By far one of the craziest projects I have taken part in yet; 24 photographs, 24 hours, one every hour posted to Instagram.
The call from the organizers:”Document Humanity to Make a Difference!”
The 24HourProject gathers street and documentary photographers from around the globe to share in real time as they document the human condition of their city.
Stanley had rustled together a small group of photographers in Swaziland and planned a route for the 24 hours.
31 March 2017, 22h30 – Manzini
We group in Manzini and head to the Ngwenya Border on the Western boundary of Swaziland to start the project…
There is great excitement as we make our way towards the border, last checks on gear and workflow to make sure that everyone is ready to rock the project. While we drive and to get into the swing of things, I check out the Instagram feed of @24hourproject since a number of countries have a head start on us and have posted their first images for the day.
Time goes by really quickly and we have only a moment for a group shot before our clock starts ticking. And so it begins!
1 April 2017, 00h00 – Ngwenya Border
The only shot I had planned beforehand was the first shot of the day. Providing the border post was still open, I knew exactly where we would be and I was looking forward to experimenting with slow shutter speed and light trails of the cars rushing past.
The first photograph in our 24-hour photo-marathon and we still need to get into our gear and adjust to our environment. Not so easy at this time of the night but we all are excited to finally get going.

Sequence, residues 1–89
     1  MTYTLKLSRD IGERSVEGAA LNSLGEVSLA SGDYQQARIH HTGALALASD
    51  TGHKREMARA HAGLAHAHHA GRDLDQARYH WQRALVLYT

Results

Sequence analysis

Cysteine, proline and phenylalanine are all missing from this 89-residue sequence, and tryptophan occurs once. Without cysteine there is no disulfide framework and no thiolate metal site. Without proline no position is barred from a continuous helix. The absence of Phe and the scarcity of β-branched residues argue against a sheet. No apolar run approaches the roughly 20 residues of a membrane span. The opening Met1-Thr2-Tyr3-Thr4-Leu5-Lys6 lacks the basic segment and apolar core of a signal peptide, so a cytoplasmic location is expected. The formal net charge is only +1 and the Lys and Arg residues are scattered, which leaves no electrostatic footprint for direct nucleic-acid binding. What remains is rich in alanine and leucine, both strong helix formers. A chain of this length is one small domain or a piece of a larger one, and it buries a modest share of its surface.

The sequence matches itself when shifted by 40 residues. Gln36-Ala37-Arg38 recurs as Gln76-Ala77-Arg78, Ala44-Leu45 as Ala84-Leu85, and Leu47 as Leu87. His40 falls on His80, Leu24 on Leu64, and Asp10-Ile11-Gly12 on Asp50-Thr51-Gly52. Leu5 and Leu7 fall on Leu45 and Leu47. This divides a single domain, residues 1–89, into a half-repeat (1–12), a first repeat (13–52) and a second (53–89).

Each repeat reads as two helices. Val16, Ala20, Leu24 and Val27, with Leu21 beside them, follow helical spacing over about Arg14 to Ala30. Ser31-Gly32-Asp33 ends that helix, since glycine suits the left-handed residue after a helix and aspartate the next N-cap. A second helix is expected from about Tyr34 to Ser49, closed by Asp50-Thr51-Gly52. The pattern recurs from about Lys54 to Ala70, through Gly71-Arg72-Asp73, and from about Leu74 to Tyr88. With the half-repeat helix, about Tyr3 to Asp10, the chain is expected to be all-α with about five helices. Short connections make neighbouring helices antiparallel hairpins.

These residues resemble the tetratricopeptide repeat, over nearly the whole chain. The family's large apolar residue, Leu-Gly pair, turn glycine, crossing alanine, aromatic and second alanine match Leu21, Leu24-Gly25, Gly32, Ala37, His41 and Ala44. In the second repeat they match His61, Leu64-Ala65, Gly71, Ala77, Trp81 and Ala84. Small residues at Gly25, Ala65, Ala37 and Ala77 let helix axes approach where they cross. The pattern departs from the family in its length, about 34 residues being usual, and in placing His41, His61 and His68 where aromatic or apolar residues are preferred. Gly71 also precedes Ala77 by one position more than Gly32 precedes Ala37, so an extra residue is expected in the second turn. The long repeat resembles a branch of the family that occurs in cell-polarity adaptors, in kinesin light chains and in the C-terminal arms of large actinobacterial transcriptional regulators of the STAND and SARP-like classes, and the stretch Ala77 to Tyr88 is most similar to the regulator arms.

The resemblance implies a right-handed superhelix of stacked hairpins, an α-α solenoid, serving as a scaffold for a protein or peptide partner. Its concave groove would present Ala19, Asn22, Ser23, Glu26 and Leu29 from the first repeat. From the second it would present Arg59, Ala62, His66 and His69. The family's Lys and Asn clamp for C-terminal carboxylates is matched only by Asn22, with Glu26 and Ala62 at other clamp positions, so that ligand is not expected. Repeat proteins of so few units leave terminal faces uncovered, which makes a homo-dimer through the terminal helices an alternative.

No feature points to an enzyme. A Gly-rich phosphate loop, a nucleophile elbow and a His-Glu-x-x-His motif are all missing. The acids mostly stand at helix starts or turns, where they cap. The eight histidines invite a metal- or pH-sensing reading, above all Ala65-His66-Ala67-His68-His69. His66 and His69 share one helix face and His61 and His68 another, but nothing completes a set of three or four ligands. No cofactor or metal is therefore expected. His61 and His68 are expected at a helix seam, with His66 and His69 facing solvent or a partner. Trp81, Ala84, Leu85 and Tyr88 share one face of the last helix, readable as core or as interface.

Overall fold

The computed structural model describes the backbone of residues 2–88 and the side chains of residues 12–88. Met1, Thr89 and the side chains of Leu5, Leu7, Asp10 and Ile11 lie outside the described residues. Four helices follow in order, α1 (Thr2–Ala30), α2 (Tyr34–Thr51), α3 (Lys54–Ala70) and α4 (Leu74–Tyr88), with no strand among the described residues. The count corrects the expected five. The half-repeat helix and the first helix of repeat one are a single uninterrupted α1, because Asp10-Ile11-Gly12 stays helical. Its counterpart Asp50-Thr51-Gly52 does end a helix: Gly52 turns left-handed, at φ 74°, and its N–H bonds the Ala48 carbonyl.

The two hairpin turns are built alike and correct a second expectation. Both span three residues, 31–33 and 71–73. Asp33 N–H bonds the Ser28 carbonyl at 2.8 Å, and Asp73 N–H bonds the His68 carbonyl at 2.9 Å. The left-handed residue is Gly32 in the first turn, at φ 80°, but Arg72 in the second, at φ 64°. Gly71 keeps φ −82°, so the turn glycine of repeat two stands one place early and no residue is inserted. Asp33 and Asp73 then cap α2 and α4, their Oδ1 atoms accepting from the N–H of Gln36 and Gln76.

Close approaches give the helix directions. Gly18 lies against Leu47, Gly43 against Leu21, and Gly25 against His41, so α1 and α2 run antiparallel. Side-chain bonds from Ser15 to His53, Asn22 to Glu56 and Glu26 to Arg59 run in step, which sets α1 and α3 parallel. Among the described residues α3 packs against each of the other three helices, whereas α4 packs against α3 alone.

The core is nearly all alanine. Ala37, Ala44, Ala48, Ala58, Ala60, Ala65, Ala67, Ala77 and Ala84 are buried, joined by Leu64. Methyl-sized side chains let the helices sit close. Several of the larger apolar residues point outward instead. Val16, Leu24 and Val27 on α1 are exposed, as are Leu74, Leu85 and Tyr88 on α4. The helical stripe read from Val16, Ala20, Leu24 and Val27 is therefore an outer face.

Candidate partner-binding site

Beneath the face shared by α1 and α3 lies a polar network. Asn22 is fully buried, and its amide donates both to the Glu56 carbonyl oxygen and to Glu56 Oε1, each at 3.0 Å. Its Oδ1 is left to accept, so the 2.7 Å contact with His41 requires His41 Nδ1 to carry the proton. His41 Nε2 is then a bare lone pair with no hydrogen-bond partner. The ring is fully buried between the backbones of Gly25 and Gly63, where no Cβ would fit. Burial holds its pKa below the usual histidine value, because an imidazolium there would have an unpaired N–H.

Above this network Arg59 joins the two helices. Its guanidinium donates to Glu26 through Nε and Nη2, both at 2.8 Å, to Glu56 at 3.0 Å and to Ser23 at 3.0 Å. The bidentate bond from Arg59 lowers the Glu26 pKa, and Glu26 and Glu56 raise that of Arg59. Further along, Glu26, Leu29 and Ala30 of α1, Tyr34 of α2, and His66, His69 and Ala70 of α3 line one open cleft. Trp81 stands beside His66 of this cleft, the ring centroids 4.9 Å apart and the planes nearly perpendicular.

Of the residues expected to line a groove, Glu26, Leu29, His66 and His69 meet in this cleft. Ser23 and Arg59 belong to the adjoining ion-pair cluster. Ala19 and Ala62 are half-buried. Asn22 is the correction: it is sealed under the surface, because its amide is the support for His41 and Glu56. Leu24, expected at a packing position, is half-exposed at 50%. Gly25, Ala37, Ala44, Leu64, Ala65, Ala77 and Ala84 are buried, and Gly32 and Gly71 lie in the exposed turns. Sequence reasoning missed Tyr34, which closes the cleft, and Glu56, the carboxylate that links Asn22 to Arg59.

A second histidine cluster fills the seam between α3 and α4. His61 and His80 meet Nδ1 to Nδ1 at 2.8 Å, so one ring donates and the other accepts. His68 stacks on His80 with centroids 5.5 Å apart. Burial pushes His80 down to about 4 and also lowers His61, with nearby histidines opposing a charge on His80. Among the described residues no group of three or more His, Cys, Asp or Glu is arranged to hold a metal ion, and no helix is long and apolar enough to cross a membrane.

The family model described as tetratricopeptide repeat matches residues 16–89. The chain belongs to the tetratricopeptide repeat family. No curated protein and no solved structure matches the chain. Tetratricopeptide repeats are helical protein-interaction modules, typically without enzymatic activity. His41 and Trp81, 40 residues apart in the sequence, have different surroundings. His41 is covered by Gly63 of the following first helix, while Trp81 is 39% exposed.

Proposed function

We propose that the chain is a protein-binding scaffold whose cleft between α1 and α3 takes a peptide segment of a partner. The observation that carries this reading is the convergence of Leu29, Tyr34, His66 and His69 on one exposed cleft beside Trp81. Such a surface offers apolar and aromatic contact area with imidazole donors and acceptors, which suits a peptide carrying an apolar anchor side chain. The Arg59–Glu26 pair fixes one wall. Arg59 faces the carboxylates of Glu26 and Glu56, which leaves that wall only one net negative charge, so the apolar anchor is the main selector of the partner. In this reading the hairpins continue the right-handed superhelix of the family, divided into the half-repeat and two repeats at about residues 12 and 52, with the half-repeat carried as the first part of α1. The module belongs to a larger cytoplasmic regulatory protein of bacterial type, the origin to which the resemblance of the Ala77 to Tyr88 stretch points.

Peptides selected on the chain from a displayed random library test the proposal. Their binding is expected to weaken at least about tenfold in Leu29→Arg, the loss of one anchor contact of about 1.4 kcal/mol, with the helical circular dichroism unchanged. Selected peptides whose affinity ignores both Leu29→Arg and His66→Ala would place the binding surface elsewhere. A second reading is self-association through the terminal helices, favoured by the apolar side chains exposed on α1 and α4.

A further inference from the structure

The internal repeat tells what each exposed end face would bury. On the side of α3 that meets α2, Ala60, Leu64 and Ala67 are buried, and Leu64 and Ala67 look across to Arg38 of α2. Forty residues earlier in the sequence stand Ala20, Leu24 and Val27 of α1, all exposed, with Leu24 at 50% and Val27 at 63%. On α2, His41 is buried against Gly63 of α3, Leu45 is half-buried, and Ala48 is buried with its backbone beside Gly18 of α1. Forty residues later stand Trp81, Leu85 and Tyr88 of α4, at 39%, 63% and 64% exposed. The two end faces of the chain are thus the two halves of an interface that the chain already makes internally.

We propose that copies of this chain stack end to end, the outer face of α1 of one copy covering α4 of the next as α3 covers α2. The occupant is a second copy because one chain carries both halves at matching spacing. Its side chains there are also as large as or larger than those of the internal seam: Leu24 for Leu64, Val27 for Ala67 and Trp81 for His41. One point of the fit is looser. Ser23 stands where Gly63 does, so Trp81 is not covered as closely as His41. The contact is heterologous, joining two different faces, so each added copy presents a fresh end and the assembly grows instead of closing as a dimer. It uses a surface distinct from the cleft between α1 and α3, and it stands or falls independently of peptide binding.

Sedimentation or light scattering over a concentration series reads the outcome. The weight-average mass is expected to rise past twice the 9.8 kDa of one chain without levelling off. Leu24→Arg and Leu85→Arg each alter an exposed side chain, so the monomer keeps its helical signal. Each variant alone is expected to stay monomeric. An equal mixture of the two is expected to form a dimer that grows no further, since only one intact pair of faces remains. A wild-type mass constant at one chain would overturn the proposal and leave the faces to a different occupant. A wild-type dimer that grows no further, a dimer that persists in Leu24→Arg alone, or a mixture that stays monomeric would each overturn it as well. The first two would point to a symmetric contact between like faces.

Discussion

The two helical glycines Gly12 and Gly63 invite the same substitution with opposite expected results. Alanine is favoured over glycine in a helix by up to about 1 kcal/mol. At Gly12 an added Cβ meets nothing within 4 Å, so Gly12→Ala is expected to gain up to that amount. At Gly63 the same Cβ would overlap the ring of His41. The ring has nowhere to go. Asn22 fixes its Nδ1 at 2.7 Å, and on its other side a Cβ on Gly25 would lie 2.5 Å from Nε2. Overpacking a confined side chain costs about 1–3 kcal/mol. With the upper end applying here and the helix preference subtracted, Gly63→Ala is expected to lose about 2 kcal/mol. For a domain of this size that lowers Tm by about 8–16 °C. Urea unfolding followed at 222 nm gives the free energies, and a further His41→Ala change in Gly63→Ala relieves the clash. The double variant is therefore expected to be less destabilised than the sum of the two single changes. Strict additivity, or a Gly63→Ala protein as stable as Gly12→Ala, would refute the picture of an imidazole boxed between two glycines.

As luck would have it, the scene was as I had hoped and I bag my shot. Off to a good start!
First shot in the bag and soon enough we head to our next stop.
As we drive, we face our next challenge: transferring images to our phones and tablets, editing them and then publishing them to Instagram with the required hashtags and byline. This takes time – just as all things do the first time – but spirits are high as we drive into Mbabane for our next stop.
01h00 – Mbabane
We stop in a parking lot to catch our breath and give everyone time to finish posting their first image. While others are still busy, I have my eyes on my next shot.
It has gone 01h00 so I am good to go. I grab my image quickly and easily:
The parking lot is relatively quiet so we decide to scout the inner city streets. We realize that there aren’t many people at this time of the night but we find a corner where there is some activity. We all succeed with posting our second shot in time and move on.
02h00 – Ezulwini
After a 15-minute drive down the Malagwane Mountain Pass we enter the Ezulwini Valley.
A petrol station at the first turn-off lends itself as a nice and safe stop for coffee and to see if we find more humans willing to be documented:
On this cold night, while most other people are sleeping, we find a dedicated petrol attendant dutifully going about his tasks.
Into the third hour and three photographs down, time for a well-deserved cup of coffee before moving on again.
We head towards Happy Valley Casino – with high hopes of catching people celebrating month end. When we arrive at the casino, however, the parking lot reveals that most of the celebrating has already come to an end at this place.
We go across the road to the shopping centre where there are still restaurants and pubs open and unearth some stead-fast people, celebrating and in “high-spirits”.
As I take these photographs I ask myself how they are going to contribute to making a difference for humanity. Though I don’t have an answer to this question at this hour of the morning, the thought lingers in my mind.
03h00 – Malkerns
Leaving the party-goers behind, our group drives towards our next stop. As we take a detour into Malkerns we pass a pub which, at first, also looks like everyone has come and gone for the night. It takes no time for all the members of our group to disperse in search for the next shot.
It’s a small area and everyone is trying to get a shot and so it takes me a while to warm up to this place.
Eventually I decide on this scene and I capture my image for the fourth hour: